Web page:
Can I Mediate?

Resolving a dispute by issuing proceedings and going to trial is not only expensive and stressful but it takes a long time and there is no guarantee of a successful outcome. In contrast, mediation (sometimes referred to as Alternative Dispute Resolution) is used to resolve a dispute by bringing together the opposing parties and their advisers to enable them to find a solution.

Mediation is confidential as well as being cheaper and faster. It avoids months or even years of litigation. It enables you to negotiate a focused solution to suit your needs rather than a judge imposing a decision on you.

The distinguishing features of mediation are:

  • It works and 80-85% of commercial disputes settle at mediation or within a few days of the mediation.
  • It brings a fast resolution to the dispute, usually within a day.
  • It can be arranged quickly and at any time. It is not governed by the lengthy court waiting lists nor is not limited to taking place during ordinary working hours - in fact often carries on late into the evening.
  • The Mediator meets the both parties in private and listens to their points of view and concerns, and in doing so, is able to get a complete understanding of the dispute.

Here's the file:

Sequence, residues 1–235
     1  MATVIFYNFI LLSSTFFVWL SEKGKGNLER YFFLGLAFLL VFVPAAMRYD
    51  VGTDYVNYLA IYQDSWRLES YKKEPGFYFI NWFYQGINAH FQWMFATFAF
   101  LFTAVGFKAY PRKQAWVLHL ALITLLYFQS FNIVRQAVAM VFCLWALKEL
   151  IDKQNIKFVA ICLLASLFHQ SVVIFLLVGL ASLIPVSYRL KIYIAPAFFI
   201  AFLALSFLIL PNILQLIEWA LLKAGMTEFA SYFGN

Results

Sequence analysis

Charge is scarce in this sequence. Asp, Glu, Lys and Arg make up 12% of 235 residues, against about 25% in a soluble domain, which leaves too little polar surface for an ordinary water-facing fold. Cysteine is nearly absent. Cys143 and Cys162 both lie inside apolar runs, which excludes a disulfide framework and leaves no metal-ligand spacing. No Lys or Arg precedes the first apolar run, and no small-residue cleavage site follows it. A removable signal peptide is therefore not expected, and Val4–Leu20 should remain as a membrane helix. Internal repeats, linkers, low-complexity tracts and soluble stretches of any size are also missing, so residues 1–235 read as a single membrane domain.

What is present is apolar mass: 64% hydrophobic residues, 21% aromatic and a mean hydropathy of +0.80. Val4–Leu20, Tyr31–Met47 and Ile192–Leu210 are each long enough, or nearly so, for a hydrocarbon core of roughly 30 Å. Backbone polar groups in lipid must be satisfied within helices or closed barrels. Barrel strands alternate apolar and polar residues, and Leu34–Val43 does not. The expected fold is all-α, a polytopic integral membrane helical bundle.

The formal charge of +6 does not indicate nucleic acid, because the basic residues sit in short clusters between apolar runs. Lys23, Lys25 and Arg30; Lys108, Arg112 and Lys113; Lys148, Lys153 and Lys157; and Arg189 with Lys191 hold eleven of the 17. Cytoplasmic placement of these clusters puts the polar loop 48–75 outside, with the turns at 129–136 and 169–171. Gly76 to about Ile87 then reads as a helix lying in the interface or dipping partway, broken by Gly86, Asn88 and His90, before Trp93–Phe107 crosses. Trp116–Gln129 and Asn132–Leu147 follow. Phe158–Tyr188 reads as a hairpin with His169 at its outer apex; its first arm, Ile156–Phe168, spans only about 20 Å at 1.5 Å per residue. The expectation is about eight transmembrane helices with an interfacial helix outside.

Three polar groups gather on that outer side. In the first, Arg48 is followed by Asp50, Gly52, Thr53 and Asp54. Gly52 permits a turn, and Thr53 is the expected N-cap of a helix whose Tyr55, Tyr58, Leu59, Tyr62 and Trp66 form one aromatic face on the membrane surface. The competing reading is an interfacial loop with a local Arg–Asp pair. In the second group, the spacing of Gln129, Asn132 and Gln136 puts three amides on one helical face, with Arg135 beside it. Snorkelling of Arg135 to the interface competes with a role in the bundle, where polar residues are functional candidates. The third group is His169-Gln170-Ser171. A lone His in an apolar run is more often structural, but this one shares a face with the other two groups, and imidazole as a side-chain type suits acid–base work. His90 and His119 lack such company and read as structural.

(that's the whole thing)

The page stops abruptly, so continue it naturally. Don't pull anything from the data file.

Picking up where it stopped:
• As both parties confide in the mediator he/she is able to find solutions to the obstacles blocking negotiations and guide the parties towards a settlement.
  • The mediator enables the parties to find a solution by assisting them to explore the issues and looking at the strengths and weaknesses of their case and encourages the parties to find solutions to address their present and future needs, rather than focusing upon what happened in the past or who may have been right or wrong.
  • The mediator does not impose a decision on the parties.
  • As mediation is a flexible process the settlement is not governed by the parties strict legal rights and the mediator can help the parties to find on a solution to resolve the practical issues which have caused the dispute as well as their legal rights
  • The conduct of the mediation and the outcome are always within the control of the parties.
  • Parties in mediation avoid the risks of litigation and the uncertainty of going to trial – they decide the result
  • The Mediator will treat any information given by the parties as confidential unless a party gives permission to him/her to disclose some or all of that information to the other party.
  • The process is conducted on a “without prejudice” basis so the matters which are discussed during the mediation cannot be referred to in court, allowing the parties to talk openly.
  • Everything said at the mediation is entirely confidential to the parties in contrast to the potential publicity of court proceedings.
  • It is voluntary and any party can leave if they want, at any time – although the mediator will encourage that party to stay until a solution is found to the dispute.
  • Nothing is binding upon any party until an agreed settlement is reached when it will be recorded in writing or a court order so it becomes an enforceable contract between the parties.